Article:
What are the fines for breaking tier 4 rules?

Police can issue fines of £10,000 to individuals who hold a gathering of more than 30 people in tier 4 areas

Chelsea Ritschel
Saturday 26 December 2020 08:36 GMT
Travel chaos as trains and motorways loaded with people escaping London for Christmas

With two new variants of Covid-19 leading to faster transmission rates, more areas of England have joined London and parts of the southeast in tier 4.

Sussex, Norfolk, Oxfordshire, Suffolk, Cambridgeshire, Hampshire, including Portsmouth and Southampton but excluding the New Forest, and the remainder of Essex, moved into tier 4 at 00.01am on Boxing Day.

The move was announced on Wednesday by Matt Hancock in response to the rising number of coronavirus cases, which have seen hospital admissions reach the peak last seen in April. 

As part of the new restrictions - first introduced to London and the southeast by Boris Johnson last weekend - millions of people have been placed under a “stay at home” order, with travel exceptions only allowed for reasons such as work, exercise, education and childcare.

The lockdown also bans people living in tier 4 areas from meeting with individuals from other households - except in cases of a support bubble.

“In general, you must not meet with another person socially or undertake any activities with another person,” the government’s website states. “You must not meet socially indoors with family or friends unless they are part of your household or support bubble.”

To ensure that these restrictions are followed, the government has said that fines will be issued and that police will be tasked with enforcing the laws.

What are the fines for breaking the rules in tier 4 areas?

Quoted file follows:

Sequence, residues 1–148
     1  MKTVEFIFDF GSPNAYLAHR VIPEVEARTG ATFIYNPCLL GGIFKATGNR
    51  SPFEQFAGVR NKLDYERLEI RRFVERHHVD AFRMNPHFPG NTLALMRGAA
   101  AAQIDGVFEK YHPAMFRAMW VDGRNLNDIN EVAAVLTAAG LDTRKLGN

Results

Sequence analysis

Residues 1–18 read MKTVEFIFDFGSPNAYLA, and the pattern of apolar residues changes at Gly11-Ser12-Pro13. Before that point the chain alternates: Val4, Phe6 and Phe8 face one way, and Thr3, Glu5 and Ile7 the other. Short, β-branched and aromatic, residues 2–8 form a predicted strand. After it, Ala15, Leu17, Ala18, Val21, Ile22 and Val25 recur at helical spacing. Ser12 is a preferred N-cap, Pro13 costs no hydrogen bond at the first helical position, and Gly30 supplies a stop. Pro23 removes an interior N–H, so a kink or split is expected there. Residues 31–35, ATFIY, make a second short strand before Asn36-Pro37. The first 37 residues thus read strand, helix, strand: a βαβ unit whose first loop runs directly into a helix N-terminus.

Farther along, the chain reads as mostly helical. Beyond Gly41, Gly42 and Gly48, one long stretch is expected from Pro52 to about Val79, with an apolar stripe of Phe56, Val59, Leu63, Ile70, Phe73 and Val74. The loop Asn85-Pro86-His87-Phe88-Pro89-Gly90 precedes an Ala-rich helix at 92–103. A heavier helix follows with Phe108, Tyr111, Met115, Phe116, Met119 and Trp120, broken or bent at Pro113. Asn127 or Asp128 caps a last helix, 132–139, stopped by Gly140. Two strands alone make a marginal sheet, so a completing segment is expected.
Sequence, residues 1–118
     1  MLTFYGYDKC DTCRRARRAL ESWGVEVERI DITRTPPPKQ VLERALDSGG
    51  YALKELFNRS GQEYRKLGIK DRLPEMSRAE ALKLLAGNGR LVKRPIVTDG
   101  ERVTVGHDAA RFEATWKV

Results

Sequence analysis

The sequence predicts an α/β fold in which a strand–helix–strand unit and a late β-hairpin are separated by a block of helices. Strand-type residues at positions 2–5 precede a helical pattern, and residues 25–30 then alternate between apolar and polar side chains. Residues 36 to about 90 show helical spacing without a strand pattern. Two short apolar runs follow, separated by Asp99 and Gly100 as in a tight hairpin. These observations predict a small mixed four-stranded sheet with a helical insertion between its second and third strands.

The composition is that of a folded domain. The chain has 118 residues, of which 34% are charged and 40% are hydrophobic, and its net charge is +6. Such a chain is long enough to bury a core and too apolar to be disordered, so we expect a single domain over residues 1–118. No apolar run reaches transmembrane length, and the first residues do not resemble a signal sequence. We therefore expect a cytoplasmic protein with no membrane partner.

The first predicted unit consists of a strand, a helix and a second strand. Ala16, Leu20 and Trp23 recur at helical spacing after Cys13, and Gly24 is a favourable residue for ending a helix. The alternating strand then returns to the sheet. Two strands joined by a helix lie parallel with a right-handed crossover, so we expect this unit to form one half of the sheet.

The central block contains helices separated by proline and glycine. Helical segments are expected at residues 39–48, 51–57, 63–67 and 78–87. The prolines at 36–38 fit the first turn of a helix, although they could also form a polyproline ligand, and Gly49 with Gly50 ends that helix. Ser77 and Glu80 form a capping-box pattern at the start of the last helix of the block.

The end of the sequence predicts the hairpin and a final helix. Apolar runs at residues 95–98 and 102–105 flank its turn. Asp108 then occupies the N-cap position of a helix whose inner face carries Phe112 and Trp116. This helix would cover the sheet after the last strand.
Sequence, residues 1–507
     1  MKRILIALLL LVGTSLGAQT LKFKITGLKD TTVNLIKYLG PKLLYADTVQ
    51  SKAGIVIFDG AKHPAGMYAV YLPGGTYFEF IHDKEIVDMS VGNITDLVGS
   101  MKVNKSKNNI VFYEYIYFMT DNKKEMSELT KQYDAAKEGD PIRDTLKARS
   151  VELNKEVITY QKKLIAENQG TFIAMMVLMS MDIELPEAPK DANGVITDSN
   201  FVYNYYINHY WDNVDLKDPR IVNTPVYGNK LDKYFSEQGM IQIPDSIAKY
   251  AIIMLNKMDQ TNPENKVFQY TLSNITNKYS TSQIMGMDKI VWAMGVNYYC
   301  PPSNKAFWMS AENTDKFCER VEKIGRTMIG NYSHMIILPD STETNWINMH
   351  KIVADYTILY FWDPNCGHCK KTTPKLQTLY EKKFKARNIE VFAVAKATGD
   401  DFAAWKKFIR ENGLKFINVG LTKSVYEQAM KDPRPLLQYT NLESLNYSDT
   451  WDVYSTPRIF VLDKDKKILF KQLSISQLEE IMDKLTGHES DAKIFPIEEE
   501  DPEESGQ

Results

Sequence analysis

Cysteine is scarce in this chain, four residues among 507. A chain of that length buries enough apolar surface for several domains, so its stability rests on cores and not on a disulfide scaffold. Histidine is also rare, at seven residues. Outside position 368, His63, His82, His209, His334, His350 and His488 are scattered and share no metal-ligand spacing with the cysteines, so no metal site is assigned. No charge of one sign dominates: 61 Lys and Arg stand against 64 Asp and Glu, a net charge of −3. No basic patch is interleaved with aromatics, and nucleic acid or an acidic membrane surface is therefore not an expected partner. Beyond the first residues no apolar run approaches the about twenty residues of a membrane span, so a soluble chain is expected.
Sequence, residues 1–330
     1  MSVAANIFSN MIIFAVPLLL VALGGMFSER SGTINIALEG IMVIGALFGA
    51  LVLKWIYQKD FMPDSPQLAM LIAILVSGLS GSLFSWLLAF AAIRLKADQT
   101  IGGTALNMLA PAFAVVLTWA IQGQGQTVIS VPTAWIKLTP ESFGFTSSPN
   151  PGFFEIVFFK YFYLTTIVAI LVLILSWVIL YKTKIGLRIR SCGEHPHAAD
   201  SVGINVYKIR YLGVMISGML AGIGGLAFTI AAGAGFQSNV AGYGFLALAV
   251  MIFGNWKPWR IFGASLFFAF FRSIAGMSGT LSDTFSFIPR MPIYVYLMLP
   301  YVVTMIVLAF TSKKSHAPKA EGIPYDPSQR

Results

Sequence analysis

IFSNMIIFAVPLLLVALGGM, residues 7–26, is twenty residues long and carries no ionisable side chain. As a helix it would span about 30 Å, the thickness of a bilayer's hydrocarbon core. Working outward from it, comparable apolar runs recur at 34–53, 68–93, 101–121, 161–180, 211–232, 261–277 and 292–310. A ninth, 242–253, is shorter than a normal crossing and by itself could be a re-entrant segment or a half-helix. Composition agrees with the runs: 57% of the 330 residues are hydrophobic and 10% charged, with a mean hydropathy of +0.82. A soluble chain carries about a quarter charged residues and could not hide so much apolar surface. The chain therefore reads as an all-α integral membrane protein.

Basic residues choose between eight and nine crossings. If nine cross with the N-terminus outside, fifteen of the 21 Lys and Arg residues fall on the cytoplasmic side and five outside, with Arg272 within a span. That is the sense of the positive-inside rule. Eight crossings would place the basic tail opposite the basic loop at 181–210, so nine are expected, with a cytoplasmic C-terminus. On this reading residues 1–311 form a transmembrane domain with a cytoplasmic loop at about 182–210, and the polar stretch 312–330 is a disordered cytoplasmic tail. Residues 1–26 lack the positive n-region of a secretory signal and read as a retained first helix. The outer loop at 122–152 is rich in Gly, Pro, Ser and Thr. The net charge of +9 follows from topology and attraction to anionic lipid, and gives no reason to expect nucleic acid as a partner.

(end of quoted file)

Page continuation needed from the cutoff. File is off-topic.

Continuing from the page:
Under the new restrictions, individuals who attend a gathering can be issued fixed penalty notices, the government said.

For the first offence, you will be given a Fixed Penalty Notice of £200, while subsequent offences will see the fine doubled, up to a maximum of £6,400.

The potential fines for holding a large gathering are higher, with the government stating: “If you hold, or are involved in holding, an illegal gathering of over 30 people, the police can issue fines of £10,000.”

Will there be fines for breaking the travel restrictions? How will restrictions be enforced?

In addition to restrictions barring travel in and out of tier 4 areas, the new rules also ban people living in tier 4 areas from leaving their homes for the holidays or staying overnight away from their home.

However, following Saturday’s announcement, there was a flurry of travel as people scrambled to leave the areas before lockdown went into effect.

On Sunday, government officials said that police would be enforcing these restrictions, with extra officers deployed to train stations.

“If you are in tier 4, the law means you must stay at home and you cannot stay overnight away from home. Across the rest of the country, you must stay local,” Grant Shapps,  UK government minister with responsibility for travel, said.“Follow the guidance and please do not come to a station unless you are permitted to travel.

“Extra BTP [British Transport Police] officers are being deployed to ensure only those who need to take essential journeys can travel safely.”

According to the Metropolitan police, officers across London “will pay particular attention to those groups who have wilfully ignored the rules,” with priority on high footfall areas.

While it is not clear, what, if any, fines face individuals who break travel restrictions, health secretary Matt Hancock confirmed Sunday the matter will be in the hands of the police.

“It’s the police’s responsibility to police the law, and the law came into force in the early hours of this morning,” he said while speaking on the BBC’s Andrew Marr Show, adding that police will stop people from getting on to trains.

In Scotland, where a travel ban with the rest of the UK is in place through the holidays, police presence will be doubled along the border of England.

However, these “highly visible patrols” will only be used to “deter anyone who might be considering breaching the coronavirus travel restrictions,” with lain Livingstone, the chief constable of Police Scotland, stating that it would not be “appropriate or proportionate for officers to establish checkpoints or roadblocks to simply enforce travel restrictions”.

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